Progressives not pleased with Dem leaders’ silence on Medicare for All
National Nurses United

WASHINGTON—Progressive groups and individuals, whose energy, candidates, enthusiasm and votes swept congressional Democrats back into control of the U.S. House next year, are increasingly upset with top party leaders’ silence – at best — on one key progressive issue, Medicare for All.

And that makes a planned campaign by the 77-member Medicare for All caucus, to force House hearings and votes, even more important.

Opinion polls show progressives in particular and a majority of voters overall support Medicare for All. The leaders – Reps. Nancy Pelosi, D-Calif., Steny Hoyer, D-Md., and Sens. Charles Schumer, D-N.Y., and Dick Durbin, D-Ill., don’t, yet. Pelosi has never backed it in her home state, California.

Medicare for All, also known as single-payer government-run health care, would virtually abolish the private insurance companies, their high co-pays, huge deductibles and denial of payment for care.

Instead, the federal government would gather revenue earmarked for medical care – just as payroll tax deductions now pay for Medicare – and use it to pay doctors, hospitals, nurses, clinics and other providers.

Medicare for All has been a key cause for years of National Nurses United, which also pushed it through the California State Senate twice. Democratic Lieut. Gov. Gavin Newsom’s early and enthusiastic endorsement of Medicare for All led California-based NNU to back him a year before the 2018 mid-term election – which saw him elected governor of the Golden State.

Successful Democratic congressional candidates from coast to coast, including Reps.-elect Alexandria Ocasio-Cortez of New York City and Rashida Tlaib of Detroit campaigned for it, too. And the AFL-CIO endorsed Medicare for All at its last convention, in St. Louis.

It’s also been a top cause of Sen. Bernie Sanders, Ind-Vt., who now has 16 Democratic cosponsors for the legislation, including several presidential hopefuls. Other backers include its longtime House sponsor, former Rep. John Conyers, D-Mich., retiring Rep. Keith Ellison, DFL-Minn., and Rep. Pramilla Jayapal, D-Wash., who heads the Medicare for All caucus.

“When we have that majority, we need to make sure that we put it to use,” Jayapal says. That means hearings, votes and forcing the GOP – including President Donald Trump – to react by killing a popular bill.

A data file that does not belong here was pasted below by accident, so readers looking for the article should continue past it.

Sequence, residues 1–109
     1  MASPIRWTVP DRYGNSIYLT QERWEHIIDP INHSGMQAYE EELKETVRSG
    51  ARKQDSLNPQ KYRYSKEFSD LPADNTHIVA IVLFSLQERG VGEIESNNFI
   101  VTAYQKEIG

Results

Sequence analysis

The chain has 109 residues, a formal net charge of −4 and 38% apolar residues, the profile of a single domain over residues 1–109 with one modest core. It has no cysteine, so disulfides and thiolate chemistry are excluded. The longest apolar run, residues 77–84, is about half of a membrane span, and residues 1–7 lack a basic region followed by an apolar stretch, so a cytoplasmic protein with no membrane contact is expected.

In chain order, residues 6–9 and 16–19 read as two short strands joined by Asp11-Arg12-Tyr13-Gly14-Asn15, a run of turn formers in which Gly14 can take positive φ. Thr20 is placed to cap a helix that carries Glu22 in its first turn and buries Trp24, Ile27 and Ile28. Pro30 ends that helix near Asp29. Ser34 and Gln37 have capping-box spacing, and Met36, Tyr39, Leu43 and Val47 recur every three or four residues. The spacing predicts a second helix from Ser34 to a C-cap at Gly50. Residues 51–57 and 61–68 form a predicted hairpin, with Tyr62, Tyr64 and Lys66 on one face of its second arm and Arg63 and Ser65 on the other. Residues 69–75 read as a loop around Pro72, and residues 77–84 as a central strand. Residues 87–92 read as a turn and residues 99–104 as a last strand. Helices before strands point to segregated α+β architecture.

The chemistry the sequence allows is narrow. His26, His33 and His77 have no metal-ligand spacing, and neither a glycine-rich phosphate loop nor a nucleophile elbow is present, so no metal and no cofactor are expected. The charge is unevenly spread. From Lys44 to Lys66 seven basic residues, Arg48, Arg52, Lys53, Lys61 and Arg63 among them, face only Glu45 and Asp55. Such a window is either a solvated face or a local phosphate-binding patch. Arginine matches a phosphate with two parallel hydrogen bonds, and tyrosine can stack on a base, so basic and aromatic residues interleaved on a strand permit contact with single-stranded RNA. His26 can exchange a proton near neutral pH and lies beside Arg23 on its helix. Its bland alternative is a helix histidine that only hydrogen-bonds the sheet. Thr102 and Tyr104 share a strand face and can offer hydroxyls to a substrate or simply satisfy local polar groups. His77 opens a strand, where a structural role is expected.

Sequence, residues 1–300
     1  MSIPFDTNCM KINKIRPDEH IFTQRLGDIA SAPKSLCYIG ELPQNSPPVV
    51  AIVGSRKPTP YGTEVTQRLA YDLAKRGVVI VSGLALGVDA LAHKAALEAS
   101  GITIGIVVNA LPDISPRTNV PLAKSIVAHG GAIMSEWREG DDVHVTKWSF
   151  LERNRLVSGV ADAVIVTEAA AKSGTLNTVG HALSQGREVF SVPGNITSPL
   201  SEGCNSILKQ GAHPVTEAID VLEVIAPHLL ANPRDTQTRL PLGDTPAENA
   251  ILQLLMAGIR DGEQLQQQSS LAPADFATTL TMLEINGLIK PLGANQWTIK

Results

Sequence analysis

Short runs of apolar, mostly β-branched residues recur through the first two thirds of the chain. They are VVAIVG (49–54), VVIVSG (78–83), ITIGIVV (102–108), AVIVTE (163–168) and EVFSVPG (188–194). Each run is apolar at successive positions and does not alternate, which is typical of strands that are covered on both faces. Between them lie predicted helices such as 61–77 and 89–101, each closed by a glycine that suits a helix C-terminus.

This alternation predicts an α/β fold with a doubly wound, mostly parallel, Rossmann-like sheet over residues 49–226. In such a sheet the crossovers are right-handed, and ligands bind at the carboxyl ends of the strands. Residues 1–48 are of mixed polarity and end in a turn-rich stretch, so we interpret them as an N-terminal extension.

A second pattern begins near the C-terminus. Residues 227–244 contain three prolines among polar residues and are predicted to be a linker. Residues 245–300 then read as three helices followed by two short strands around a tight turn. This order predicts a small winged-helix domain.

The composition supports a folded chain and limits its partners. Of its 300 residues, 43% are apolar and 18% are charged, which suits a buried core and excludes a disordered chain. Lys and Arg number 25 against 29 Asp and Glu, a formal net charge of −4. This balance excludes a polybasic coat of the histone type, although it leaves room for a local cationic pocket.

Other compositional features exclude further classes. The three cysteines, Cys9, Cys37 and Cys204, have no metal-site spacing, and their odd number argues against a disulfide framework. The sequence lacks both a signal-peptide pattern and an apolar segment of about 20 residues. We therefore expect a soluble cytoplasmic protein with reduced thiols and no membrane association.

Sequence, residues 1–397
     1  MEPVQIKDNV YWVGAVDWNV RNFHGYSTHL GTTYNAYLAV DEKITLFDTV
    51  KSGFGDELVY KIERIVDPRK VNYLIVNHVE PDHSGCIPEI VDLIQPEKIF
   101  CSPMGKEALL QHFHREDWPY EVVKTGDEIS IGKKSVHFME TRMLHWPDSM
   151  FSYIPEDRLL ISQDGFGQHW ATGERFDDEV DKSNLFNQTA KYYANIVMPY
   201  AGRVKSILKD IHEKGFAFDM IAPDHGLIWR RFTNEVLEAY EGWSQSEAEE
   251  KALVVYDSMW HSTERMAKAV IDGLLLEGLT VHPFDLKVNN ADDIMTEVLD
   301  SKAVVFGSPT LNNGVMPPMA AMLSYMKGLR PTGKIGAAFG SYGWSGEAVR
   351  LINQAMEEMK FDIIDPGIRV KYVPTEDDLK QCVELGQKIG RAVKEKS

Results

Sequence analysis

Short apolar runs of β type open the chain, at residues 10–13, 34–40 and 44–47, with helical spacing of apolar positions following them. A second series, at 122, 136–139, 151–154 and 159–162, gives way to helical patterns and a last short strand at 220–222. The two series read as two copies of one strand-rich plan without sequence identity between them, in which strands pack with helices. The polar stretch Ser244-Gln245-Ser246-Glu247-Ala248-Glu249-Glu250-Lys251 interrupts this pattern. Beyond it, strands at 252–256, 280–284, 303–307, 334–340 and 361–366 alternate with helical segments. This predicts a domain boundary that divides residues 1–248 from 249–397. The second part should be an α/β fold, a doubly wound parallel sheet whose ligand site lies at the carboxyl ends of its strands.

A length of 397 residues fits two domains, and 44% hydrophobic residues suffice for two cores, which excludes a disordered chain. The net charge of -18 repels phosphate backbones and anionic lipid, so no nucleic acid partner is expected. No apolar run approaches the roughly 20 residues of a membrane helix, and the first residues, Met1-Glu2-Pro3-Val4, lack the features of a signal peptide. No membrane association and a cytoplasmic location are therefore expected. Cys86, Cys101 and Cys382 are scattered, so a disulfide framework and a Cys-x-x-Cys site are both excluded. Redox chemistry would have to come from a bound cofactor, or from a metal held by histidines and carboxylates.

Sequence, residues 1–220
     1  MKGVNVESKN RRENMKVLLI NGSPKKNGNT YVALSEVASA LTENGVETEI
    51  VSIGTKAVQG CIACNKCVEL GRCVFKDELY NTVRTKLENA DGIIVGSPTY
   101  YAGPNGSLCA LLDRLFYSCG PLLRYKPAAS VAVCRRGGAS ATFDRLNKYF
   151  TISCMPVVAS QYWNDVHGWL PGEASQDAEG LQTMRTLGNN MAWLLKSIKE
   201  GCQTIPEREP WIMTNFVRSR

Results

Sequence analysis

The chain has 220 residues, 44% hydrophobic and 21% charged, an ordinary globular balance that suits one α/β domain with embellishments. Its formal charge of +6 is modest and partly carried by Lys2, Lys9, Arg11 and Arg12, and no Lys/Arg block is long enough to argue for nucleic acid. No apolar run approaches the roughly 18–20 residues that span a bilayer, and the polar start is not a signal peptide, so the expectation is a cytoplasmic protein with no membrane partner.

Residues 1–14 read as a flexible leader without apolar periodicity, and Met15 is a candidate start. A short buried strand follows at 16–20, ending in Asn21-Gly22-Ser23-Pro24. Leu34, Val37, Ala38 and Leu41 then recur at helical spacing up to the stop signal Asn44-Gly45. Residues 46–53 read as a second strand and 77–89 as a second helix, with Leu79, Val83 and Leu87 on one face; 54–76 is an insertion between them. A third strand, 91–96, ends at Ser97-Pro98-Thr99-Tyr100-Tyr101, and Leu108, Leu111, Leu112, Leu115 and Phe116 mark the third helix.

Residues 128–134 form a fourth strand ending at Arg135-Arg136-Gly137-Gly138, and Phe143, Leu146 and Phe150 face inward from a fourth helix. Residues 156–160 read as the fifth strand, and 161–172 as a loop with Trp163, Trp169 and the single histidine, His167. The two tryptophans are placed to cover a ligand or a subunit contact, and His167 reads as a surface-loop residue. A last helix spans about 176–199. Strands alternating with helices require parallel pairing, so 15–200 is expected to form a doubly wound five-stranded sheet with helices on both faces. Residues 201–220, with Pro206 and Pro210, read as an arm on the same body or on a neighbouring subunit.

The Progressive Change Campaign Committee reported “26 out of 60 incoming Democrats from races that have been called so far supported” Medicare for All. “And those Democrats intend to bring their rhetoric from the campaign trail to Congress,” it adds.

Even more notable: 71 percent of the 142 Democratic hopefuls on various lists of PCCC, the Democratic National Committee, the Red-to-Blue district list and even the corporate New Democrats’ list “supported Medicare for All, a Medicare option for all or expanding Social Security,” PCCC said.

Tlaib, who is Conyers’s successor, told PCCC she’s “very much” committed to pushing Medicare-for-all. “For many members, it’s the priority issue.”

But not for Pelosi, Hoyer, Schumer and Durbin. They talk about improving the Affordable Care Act, protecting people with pre-existing conditions against GOP congressional and legal assaults, and lowering the cost of prescription drugs. Pelosi actually said Trump wants to cut drug costs, too.

A typical comment came from Hoyer. He told CNN voters “wanted to make sure their health care protection was in place and, if they have a pre-existing condition, they would be able to get insurance. They wanted to make sure their prescription drug prices did not go so high they couldn’t afford something that gives them health and or life” and that “Social Security and Medicare were assured” against GOP attempts to cut both.